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A Lenten Reflection: Ash Wednesday - An Invitation for Renewal.

Updated: Feb 11



Beginning on Ash Wednesday and during the Lenten season, the Church invites us all to ponder Christ's saving work. We are called upon to live out more deeply the reality of our Baptism and to draw rich nourishment from Sacred Scripture. We are also invited to relive with Jesus the forty days in the desert, praying and fasting, in preparation for his public mission. Lent is an invitation for renewal.


At the start of Lent, on Ash Wednesday, we receive a very somber, yet symbolic gesture with the imposition of ashes upon our foreheads. It is at this moment we are encouraged to acknowledge ourselves as sinners and return to God. Initially, we are told that we “are dust and to dust we will return”. This is done to remind us of our own human weaknesses and that ultimately our bodies will degrade and we will die.


Taken from the Book of Genesis (3:19) these words tell us that we are exposed to the world around us, a truly corrupt and imperfect world. The point of this prayer is to lead the supplicant toward a real place of hope and anticipation, beyond the finite existence of humanity and toward the infinite, which rests in God alone.


Secondly, the recipient, who has come to receive the ashes of their own free will, is hopefully moved to “Repent and believe in the Gospel.” These are the words that were pronounced by Jesus at the beginning of his itinerant ministry. It is an invitation for the receiver to become bold and self-assured in their obedience to the gospel message.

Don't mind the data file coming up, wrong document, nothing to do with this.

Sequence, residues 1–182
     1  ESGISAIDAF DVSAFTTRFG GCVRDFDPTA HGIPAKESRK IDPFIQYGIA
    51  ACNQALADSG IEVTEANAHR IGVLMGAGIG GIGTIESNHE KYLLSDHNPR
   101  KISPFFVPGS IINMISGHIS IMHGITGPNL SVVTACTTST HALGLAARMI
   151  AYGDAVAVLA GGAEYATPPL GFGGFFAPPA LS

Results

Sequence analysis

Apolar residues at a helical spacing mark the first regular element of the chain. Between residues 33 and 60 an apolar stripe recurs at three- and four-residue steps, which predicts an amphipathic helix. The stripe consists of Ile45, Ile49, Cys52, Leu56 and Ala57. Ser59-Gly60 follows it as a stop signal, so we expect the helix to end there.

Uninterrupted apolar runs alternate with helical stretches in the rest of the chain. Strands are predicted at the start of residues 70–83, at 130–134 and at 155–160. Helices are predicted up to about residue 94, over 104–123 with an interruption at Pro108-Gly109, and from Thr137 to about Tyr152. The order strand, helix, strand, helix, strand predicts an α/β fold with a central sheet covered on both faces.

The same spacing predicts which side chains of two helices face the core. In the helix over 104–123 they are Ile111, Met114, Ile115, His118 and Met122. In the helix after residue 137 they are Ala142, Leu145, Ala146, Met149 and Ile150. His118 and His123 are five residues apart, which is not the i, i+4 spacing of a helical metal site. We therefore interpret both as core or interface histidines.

Ash Wednesday, in a real sense, is a hopeful moment where Christ, through the Church, invites us to become deeply aware of His redeeming work. From this moment until Easter, we are to be in a more meditative state of mind while we drink up the nourishing Word of God. This awareness culminates with the Risen Christ. Through Him, we become liberated and alive again. The Church urges the people of God to live fully their baptismal promises. During this Lent, our faith is reinforced by the knowledge of our personal relationship with God.


During Lent we join Jesus on the road to Calvary


The forty days of Lent can be a sustaining element for both personal and communal renewal. After all, a Christian’s life is a life of faith nourished by our encounters with the Divine. Our lives, with all its trials and tribulations, can be victorious over evil.


During Lent, we join Jesus on a spiritual journey; following him on the road to Calvary and afterwards through the mystery of the Cross. It is in the Lenten Journey that we involve ourselves in the joy of His Resurrection. In this context, “Involve” is a key word.


Individually and corporately, we are called upon to experience the Lenten Journey. This is done by ‘listening’ to the Word of God, ‘living’ the Word of God, ‘speaking’ the Word of God and ‘being a Witness’ to the Word of God. By doing this we can reject a very toxic world that opens up the door to all sorts of evil, which wants to destroy the Word of God.


During Lent we will be expected to possess a certain amount of endurance. We do this in order to recall the events that marked the life and history of ancient Israel. Because we endure, we are gifted with the story of the events and the meaning behind them.